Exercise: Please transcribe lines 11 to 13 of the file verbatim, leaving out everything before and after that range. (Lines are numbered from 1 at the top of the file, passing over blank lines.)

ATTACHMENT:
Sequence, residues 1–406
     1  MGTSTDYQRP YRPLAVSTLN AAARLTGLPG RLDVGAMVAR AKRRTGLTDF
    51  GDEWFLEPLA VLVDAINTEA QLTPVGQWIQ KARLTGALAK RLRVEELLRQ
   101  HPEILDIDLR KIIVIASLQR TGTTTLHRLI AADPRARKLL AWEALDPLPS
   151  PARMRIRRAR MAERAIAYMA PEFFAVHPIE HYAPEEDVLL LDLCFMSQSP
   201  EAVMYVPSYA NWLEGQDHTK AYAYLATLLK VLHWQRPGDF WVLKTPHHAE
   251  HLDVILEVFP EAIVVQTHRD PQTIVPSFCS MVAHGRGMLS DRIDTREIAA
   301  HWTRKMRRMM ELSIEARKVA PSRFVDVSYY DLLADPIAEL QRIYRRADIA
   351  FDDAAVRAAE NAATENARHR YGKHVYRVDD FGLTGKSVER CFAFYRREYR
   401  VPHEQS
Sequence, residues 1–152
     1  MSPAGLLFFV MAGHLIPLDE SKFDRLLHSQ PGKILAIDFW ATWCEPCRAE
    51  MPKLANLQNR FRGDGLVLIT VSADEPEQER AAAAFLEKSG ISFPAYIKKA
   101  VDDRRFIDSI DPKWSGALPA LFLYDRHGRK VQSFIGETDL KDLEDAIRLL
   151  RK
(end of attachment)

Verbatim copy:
Sequence, residues 1–152
     1  MSPAGLLFFV MAGHLIPLDE SKFDRLLHSQ PGKILAIDFW ATWCEPCRAE
    51  MPKLANLQNR FRGDGLVLIT VSADEPEQER AAAAFLEKSG ISFPAYIKKA